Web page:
In this article, My experience with Docker, I touched on what Docker is and how it works. I didn’t get to actually building a Docker container. In this article, I am going to look at how one can get started in using Docker based on the research I did and also on my personal experience.


First thing first, you need to install the Docker engine. In order to install Docker CE, you need the 64-bit version of either Ubuntu Artful 17.10 (Docker CE 17.11 Edger and higher only) or Xenial 16.04 (LTS) or Trusty 14.04 (LTS). Here is how you install Docker CE:

  • sudo apt-get update :> updates the apt package index
  • sudo apt-get install apt-transport-https ca-certificates curl software-properties-common -y :> install packages to allow apt to use a repository over HTTPS
  • curl -fsSL | sudo apt-key add – :> add Docker’s official GPG key
  • sudo add-apt-repository “deb [arch=amd64] $(lsb_release -cs) stable” :> this sets up a stable repository.
  • sudo apt-get update :> updates the apt package index
  • NOTE: in order to install a specific version of Docker, run the following command:
    • apt-cache madison docker-ce
  • sudo apt-get install docker-ce=17.12.1~ce-0~ubuntu -y :> install Docker version 17.2.1. NOTE: this will vary depending on the version you would have selected from the above command.
  • sudo docker run hello-world :> confirm that Docker installation was successful.

Docker concepts

There following are concepts one needs to know first before getting hands dirty with Docker:
Note: for more detailed explanation click here.

Docker Engine  is a client-server application with the following major components:

  • A server which is a type of long-running program called a daemon process.
  • A REST API which specifies interfaces that programs can use to talk to the daemon and instruct it what to do.
  • A command line interface (CLI) client -> the docker command.

Docker Daemon (dockerd) listens for Docker API requests and manages Docker objects such as images, containers, networks and volumes. It can also communicate with other daemons to manage Docker services.

Docker client (docker) is the means by which many Docker users interacts with Docker. Commands such as docker run, when executed, they are sent to dockerd by the client so that the daemon can carry out the commands.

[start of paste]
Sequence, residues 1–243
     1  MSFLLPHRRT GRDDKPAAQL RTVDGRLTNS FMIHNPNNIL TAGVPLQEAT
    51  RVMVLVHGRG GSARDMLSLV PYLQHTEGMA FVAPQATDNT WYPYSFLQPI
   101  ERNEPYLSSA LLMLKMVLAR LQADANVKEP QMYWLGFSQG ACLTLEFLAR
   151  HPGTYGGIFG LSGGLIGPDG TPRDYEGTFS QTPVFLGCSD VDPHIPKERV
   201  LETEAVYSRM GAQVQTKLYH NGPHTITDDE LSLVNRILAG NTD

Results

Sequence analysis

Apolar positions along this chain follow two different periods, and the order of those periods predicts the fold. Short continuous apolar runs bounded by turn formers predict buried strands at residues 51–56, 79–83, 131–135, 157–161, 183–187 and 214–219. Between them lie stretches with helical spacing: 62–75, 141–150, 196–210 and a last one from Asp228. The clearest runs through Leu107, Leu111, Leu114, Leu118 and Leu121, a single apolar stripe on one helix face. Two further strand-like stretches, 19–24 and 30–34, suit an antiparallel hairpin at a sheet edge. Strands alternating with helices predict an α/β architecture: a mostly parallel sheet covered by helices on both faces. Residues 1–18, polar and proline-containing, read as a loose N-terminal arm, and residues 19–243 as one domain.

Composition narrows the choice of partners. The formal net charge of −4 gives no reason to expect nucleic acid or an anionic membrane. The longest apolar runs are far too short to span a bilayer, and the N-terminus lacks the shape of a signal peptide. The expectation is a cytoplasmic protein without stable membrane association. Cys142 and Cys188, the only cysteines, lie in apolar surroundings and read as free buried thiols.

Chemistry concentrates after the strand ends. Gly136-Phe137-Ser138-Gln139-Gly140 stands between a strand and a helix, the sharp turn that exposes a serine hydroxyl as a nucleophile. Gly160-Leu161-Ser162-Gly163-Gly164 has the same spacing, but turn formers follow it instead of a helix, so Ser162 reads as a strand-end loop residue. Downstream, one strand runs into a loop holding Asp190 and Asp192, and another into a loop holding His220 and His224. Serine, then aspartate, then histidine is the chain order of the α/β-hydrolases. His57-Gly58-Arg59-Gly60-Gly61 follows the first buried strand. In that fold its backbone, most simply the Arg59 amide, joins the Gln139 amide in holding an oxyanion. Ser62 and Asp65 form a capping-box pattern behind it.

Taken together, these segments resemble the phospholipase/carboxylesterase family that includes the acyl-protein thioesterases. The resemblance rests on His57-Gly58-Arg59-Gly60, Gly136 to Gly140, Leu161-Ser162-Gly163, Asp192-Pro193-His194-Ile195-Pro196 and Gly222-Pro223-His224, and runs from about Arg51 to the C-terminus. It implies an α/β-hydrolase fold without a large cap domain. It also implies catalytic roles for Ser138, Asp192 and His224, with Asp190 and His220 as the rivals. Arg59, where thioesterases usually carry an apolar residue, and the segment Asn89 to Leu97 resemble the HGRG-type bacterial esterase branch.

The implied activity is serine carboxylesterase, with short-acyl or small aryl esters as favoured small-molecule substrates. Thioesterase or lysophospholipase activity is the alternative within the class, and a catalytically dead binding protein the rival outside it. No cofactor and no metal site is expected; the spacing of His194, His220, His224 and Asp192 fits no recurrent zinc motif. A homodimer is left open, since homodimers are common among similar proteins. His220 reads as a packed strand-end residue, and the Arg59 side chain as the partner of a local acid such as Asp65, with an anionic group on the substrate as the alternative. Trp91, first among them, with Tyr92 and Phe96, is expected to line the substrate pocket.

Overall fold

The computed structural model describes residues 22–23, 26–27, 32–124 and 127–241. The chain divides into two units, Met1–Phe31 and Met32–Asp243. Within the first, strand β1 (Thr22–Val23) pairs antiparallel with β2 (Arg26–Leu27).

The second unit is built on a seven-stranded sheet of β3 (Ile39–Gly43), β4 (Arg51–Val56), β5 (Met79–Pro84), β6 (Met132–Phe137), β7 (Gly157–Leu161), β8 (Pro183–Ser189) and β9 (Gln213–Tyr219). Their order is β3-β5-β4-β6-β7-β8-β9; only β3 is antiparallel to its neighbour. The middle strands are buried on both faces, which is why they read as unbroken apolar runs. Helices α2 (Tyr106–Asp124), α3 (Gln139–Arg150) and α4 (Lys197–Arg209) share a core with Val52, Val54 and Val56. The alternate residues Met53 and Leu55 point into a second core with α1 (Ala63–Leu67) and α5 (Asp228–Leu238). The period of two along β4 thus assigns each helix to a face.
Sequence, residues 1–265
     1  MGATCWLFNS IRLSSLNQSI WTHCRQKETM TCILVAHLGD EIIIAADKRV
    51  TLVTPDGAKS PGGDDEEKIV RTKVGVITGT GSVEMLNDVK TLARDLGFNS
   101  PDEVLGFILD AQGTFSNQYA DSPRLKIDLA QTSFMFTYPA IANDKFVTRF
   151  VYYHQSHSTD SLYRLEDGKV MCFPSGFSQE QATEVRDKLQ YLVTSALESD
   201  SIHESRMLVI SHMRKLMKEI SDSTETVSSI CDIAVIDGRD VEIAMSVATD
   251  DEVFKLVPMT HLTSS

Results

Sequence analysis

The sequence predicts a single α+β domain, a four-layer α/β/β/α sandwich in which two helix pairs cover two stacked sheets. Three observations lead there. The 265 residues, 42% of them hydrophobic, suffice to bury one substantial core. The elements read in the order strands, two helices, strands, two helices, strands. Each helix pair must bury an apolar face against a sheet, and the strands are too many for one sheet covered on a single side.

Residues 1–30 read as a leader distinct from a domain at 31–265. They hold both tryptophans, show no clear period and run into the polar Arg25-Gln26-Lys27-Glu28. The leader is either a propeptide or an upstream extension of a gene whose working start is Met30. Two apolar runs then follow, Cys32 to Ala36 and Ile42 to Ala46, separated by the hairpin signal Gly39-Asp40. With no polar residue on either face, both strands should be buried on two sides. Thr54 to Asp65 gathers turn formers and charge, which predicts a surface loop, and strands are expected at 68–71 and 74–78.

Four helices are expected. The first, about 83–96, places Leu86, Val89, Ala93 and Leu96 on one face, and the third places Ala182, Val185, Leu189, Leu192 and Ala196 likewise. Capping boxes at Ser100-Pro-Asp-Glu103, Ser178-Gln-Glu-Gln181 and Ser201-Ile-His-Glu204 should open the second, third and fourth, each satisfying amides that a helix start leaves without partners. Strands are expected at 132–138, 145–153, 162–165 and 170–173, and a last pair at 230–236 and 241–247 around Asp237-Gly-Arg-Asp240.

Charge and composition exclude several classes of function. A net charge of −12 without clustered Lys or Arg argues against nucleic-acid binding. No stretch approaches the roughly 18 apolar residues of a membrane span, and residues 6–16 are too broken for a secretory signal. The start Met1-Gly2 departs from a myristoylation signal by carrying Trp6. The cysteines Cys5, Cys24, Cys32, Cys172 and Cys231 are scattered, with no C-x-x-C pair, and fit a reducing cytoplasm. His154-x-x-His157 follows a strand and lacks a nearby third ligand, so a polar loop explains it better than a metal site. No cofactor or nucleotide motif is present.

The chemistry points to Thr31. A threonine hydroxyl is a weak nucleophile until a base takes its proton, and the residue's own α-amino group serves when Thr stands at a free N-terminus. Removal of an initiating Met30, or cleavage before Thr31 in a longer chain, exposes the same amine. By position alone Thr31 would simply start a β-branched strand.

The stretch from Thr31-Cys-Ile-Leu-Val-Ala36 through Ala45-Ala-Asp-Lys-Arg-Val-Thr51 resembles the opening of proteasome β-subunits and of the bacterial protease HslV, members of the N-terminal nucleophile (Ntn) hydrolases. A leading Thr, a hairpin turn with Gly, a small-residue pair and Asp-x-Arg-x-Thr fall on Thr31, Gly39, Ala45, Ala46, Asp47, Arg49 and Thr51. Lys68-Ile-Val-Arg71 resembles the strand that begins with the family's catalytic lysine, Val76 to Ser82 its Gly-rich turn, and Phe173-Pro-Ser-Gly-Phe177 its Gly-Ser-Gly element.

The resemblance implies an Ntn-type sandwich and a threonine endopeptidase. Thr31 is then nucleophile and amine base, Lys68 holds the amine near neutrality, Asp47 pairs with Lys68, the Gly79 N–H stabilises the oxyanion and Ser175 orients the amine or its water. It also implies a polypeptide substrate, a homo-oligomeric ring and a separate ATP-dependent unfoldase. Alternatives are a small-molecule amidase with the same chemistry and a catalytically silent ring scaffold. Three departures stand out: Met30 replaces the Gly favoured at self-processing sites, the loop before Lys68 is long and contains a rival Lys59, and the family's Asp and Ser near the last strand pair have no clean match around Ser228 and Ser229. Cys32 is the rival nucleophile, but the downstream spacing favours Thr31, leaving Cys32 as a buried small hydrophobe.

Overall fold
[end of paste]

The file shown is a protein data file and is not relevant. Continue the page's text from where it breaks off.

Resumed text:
Docker image is a read-only template with instructions for creating a Docker container.

Docker container is a runnable instance of an image.

Docker registry stores Docker images.

Getting started

Now that Docker is installed and have verified that all is good with the installation, to get started with creating a container, first thing one needs to do is to create a file called Dockerfile. This file is used to create the container and it is in this file where instructions on what is needed for the container to be operational are set. For instance, here is how a simple file would look like:

# Use an official Ubuntu 14.04 runtime as a parent image
FROM ubuntu:14.04

# Run echo when the container starts
CMD echo “Hi there, just started my first container!!!”

The instructions here are simple, use Ubuntu 14.04 as a parent image and then output “Hi there, just started my first container!!!” when the container launches. Once the file has been created, the next step is to build an image by running the command below:

docker build -t my-first-image .

The command will build the image with a tag my-first-image which gives the image a friendlier name. Once the build is done, run any one of the following commands and they will list the images you have locally:

  • docker images
  • docker image ls

From the above, we can see that the image has been created. The next step is to run the image and create a container as follows:

docker run –name my-first-container my-first-image and it will output Hi there, just started my first container!!!

By just running the command above, a container has been created and to see the container, run the following command:

docker ps -a

By just running the command above, it will list containers and will provide details such as container id (auto generated by Docker client), image (the image used by the container), created (time the container was created), status (provides the status if the container is running or not), ports (provides ports that are exposed for the container) and name (container name).

So far we created a Dockerfile, the file that has  instructions on what is needed to get the container operational, ran the build command to create Docker image and finally ran the command to build Docker container.

The commands we ran so far are as a follows:

  • docker images or docker image ls :> lists docker images
  • docker build [options] :> builds the image from the Dockerfile
  • docker ps -a :> lists the containers

These are just a few commands, there are more just run docker and it will give the list commands you can run and more information on what you can do with the Docker client.


From this article we saw how one can install Docker, create a Docker image and a Docker container. Next article will look on how Docker can be part of continuous integration.

Docker overview